What is being called the Wharton-Afriyie ego-fest was under way in the Commons at the time of writing, starting with a delay after a division under Standing Order 163 seeking a private sitting. The vote recorded zero "ayes" and 290 "noes", so the debate goes continues in public.
Last night, Afriyie was in the loss-making Guardian
asserting that his amendment for an early referendum should go ahead, without which the Conservatives risked losing the general election. He wants a referendum next October, allowing the Tories to "draw a line" under Europe before the election, opening the way for a "straight fight" with Labour on the economy.
Afriyie believes that his amendment is Conservative MPs' last chance to try to secure a referendum. "If we do not take this opportunity", he says, "we risk sleepwalking to election defeat by driving votes to UKIP".
website, meanwhile, held a straw poll which came up with 35 percent of those who voted supporting a referendum next year. This was matched by the number of people who would like a referendum to be held on Cameron's timetable by the end of 2017. Since neither are going to happen, this is of academic importance only.
And just to keep us all entertained , chief executive of French-owned Nissan, Carlos Ghosn, is telling us
that, if the UK was to leave the EU, it would need to reconsider its strategy and investments. This is presented by the loss-making Guardian
as a threat that the carmaker might leave if the UK quits the EU.
To coincide with the debate, The Economist
trots out its usual dose of negativity, with a piece headed: "Little England or Great Britain?". This is sheer propaganda, as the magazine tells us, "The country faces a choice between comfortable isolation and bracing openness. Go for openness".
This is a false choice. As we confront an increasing claustrophobic political construct, the real choice is between "Global Britain" or "Little Europe". Accordingly, we have adjusted the misleading Economist
Taking a cue from its own text, though, we see the magazine telling us that, although Britain once ran the world, since the collapse of its empire it has occasionally wanted to curl up and hide. But, says the magazine sternly: "It can now do neither of those things. Its brightest future is as an open, liberal, trading nation, engaged with the world".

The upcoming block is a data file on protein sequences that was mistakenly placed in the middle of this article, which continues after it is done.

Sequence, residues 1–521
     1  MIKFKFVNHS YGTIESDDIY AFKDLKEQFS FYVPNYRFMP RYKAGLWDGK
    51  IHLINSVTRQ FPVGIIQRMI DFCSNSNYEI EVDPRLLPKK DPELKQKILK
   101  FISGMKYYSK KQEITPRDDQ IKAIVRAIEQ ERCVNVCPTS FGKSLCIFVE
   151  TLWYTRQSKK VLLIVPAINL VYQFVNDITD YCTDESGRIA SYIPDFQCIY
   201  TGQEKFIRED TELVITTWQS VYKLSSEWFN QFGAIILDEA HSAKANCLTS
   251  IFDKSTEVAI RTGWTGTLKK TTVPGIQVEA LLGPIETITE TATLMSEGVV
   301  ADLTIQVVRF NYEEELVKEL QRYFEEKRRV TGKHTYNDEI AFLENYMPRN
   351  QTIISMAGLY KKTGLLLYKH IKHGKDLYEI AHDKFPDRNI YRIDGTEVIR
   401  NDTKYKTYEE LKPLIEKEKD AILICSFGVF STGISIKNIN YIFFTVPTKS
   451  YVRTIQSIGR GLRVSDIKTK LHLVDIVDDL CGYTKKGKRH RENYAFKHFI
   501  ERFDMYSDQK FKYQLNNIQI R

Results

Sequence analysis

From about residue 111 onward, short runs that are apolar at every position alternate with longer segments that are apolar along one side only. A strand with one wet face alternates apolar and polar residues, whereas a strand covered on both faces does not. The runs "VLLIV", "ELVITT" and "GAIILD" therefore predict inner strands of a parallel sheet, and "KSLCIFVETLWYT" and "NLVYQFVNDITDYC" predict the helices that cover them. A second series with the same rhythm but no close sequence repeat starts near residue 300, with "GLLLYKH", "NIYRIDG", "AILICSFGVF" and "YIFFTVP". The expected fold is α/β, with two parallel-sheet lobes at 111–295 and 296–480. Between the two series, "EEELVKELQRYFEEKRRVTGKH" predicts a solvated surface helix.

With this we can but wholeheartedly agree. It is about time the UK stopped hiding behind the skirts of nanny Europe and took its place again as is as "an open, liberal, trading nation, engaged with the world", free from the encumbrances of "Little Europe".
It is now down to Bruno in Brussels to relieve the tedium of the Commons debate, though, which he does with great aplomb, bringing us tidings from Gerhard Schröder
, one time German chancellor and now shill Russian gas interests
Schröder is saying that Britain is the major problem facing the future of the European Union. He blames Britain for the financial crisis that engulfed the eurozone and for blocking the EU measures needed to put things right. "The problem has a name, and that's Britain. As long as the British block these moves, nothing will happen", he says.
"We can assume that Britain is no longer willing to join the euro area. Countries that are not in the euro area cannot prevent greater integration. It's tough but you cannot say 'I will not be there but I want a say'".
Pointing the way to a new treaty, Schröder, speaking at an economic forum in Bregenz, in western Austria, adds that: "The EU's political structure cannot remain static … We need to press ahead with Europe's political unity, towards a kind of European federation". So, little Europe speaks, a voice which will be dictating the referendum agenda in due course, far more so than the pointless debate in the Commons.